JISHOU, HUNAN — Before classes begin, it’s time to stop procrastinating and get the words in my head into print. Hopefully, they will make sense.
So, I’ve been back in China since August 9, after a wonderful month in America’s heartland visiting family and friends, and driving a lot. My Chinese students and friends are truly perplexed when I tell them my immediate family is spread out over four widely spaced states, so visiting “home” is not as easy as getting off the plane and saying, “Here I am!”
Families in China are still strongly attached to their hometowns, so when children grow up and move out (assuming they do), they typically don’t move very far away. Many parents actively discourage marriages with partners who live far away, since it means at least one half of the couple will be far, far from his or her home. These traditions are changing, of course, since Chinese are becoming more mobile than before, but at least where I live, home is where your family is closely packed.
On this trip back I was joined by my friend, Nora, who will spend a year at Wayne State College in Nebraska as a visiting international student. I’ve been the guest of Nora’s family several times, so now I got to return the favor, at least in some way. We traveled together from Jishou to Beijing by train (20 hours), Beijing to San Francisco (13 hours), SF to Denver (2 hours) and Denver to Omaha by Amtrak (8 hours). (There were a couple of overnight stays in there, by the way.) Everything excites and fascinates her. It’s Nora’s first trip abroad, and she has wasted no time in making new friends and learning new things.
This term I know 13 people from Jishou University who are now in the USA, either working or studying there. Besides Nora, there is one student at Kent State and eight at Delaware State University, a teacher in Sarasota, Florida, and a graduate and his wife in San Antonio. That’s pretty remarkable, considering how relatively small Jishou is as a city. Another student may soon begin at Loyola in Chicago, depending on her TOEFL score.
Study abroad has been a growing trend among Chinese, who now represent the largest percentage of international students in the USA, followed by India and South Korea. Some students and their families see the experience as an advantage in finding a job in China, though that advantage wanes as more and more young Chinese add that experience to their resumes. Others wanting to improve their English want full immersion in an English-speaking setting. And many, frustrated by the archaic university system in China just want to have a freer, more intellectually rewarding education abroad.
A few of these students, like Nora, are blogging their experiences online. Nora, the journalism student, uses both Facebook and QQ. Three girls in Delaware use QQ and Sina Weibo, one of China’s Twitter-like services. Through them and others, I’ve been able to share a foreign student’s first experiences in the States: riding a horse, going to the beach, attending a city fair, showing up at a formal dance without formal dress, getting frustrated at bureaucratic university regulations, meeting friendly professors and attending their first classes, getting help from police officers, eating strange food, missing home, sweating their first assignments, and dealing with their worries and troubles.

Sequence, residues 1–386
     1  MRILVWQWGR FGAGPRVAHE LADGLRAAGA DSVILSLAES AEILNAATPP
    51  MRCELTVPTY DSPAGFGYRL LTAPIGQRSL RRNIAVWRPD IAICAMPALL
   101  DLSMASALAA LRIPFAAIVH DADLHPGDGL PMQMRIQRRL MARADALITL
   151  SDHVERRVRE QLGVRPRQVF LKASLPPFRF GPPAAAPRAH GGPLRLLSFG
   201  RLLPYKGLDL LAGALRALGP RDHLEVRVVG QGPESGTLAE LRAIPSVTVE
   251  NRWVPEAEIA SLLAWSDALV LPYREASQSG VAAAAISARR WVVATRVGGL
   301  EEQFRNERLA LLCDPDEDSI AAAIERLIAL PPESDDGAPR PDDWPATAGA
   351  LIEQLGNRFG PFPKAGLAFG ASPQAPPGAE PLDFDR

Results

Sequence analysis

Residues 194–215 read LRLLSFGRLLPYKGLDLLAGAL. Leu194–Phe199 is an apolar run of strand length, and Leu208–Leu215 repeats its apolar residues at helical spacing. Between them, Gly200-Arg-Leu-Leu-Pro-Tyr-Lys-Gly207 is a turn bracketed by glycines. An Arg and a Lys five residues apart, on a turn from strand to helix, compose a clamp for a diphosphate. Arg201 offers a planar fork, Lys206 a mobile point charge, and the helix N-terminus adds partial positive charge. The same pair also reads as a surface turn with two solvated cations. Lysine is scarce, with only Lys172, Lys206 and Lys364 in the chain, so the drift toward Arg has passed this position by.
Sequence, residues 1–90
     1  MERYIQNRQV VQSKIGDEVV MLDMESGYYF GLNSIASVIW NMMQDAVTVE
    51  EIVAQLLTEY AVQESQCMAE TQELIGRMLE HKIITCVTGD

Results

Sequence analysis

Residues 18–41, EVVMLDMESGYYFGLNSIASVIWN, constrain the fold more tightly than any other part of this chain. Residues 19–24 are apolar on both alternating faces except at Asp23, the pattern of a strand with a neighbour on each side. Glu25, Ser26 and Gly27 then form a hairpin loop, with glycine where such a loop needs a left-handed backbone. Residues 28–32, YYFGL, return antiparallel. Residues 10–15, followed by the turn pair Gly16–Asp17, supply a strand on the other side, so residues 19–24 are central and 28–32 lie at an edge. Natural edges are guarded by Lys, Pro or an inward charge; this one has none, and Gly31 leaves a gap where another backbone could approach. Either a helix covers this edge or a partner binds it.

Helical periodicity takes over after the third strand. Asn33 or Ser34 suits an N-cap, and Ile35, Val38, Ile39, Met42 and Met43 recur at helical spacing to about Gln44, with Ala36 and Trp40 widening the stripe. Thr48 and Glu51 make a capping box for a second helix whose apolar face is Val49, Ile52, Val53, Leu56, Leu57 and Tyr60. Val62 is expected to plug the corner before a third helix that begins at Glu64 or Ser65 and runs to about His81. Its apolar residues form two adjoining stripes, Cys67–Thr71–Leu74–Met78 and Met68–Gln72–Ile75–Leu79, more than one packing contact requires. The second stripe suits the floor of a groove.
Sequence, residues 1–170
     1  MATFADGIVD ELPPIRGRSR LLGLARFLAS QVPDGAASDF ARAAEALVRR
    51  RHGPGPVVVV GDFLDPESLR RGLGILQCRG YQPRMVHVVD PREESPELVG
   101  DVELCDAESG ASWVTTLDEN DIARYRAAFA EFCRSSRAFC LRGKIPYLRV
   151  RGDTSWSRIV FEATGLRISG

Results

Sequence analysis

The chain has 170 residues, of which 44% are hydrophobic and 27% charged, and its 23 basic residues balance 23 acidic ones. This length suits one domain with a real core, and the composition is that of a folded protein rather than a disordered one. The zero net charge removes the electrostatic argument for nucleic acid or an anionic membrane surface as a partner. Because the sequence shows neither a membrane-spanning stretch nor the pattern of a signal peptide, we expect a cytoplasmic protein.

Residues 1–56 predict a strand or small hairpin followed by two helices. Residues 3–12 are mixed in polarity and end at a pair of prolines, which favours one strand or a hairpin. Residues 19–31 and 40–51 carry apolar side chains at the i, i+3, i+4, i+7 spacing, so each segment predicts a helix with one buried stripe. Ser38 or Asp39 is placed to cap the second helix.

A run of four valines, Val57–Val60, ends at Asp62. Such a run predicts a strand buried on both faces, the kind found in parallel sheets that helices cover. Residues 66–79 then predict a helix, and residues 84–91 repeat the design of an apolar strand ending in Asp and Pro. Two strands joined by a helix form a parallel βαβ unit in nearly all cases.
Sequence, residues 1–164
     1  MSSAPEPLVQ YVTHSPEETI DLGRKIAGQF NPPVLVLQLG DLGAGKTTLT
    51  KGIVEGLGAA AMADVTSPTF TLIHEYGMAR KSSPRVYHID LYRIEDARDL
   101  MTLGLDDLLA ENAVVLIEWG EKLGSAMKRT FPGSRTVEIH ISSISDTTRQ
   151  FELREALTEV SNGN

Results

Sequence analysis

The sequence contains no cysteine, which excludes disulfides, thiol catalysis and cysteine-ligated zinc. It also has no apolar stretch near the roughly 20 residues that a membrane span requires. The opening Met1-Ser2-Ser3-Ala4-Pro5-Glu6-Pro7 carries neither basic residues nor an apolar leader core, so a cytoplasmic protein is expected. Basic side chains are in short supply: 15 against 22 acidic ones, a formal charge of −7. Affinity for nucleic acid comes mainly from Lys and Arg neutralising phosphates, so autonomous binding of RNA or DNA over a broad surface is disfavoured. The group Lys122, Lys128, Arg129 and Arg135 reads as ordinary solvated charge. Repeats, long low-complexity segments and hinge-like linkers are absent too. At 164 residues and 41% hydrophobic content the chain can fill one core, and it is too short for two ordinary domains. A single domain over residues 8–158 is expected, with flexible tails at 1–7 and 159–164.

Living abroad takes guts, so I admire these students; even though we are in the same boat, at least I’ve had more experience at it.
Many foreign students report that it’s hard for them to make American friends, for various reasons. So, if you know a foreign student in the States, or your children do, make an effort to become their friend and to give them some help from time to time. Some people host exchange students, which is a big commitment, but there are other ways to help. If you live near a university with an international student center or office, consider volunteering as a short-term host or “Big Brother or Sister.” Nothing improves international relations more than the personal touch. Americans are supposed to be friendly, after all!
For my part, after four trips between China and the US, I think I’ve finally been able to adapt to the two-way culture shock that one gets switching from one very different culture to another. The culture shock goes away about the same time as the jetlag. While in the States, I indulge in those things I can’t easily get in China — cheese, pizza, good beer, bagels, Netflix. And in China, I enjoy those things I can’t get in the USA very easily — cheap taxis, decent rail service, authentic Chinese food.
In America, I have many friends and family. In China, I have many friends, and some are just like family. I hope my Chinese students and friends can soon say the same thing.
I would be remiss if I didn’t also report that three of my former Jishou students are teaching Chinese for a year in Thailand. They missed their graduation ceremony and the camaraderie that goes with it to begin a year in two small cities there with the Hanban program. Their international experience has been quite different. One of them is Chen Donlsen, who posts to Facebook pretty often, but in Chinese or romanized Thai.